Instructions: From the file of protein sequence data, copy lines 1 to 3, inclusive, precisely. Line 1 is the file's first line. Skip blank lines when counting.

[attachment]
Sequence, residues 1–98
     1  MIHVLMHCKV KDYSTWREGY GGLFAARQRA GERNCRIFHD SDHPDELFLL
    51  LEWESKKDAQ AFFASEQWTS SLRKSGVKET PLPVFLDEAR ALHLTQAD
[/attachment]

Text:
Sequence, residues 1–98
     1  MIHVLMHCKV KDYSTWREGY GGLFAARQRA GERNCRIFHD SDHPDELFLL
    51  LEWESKKDAQ AFFASEQWTS SLRKSGVKET PLPVFLDEAR ALHLTQAD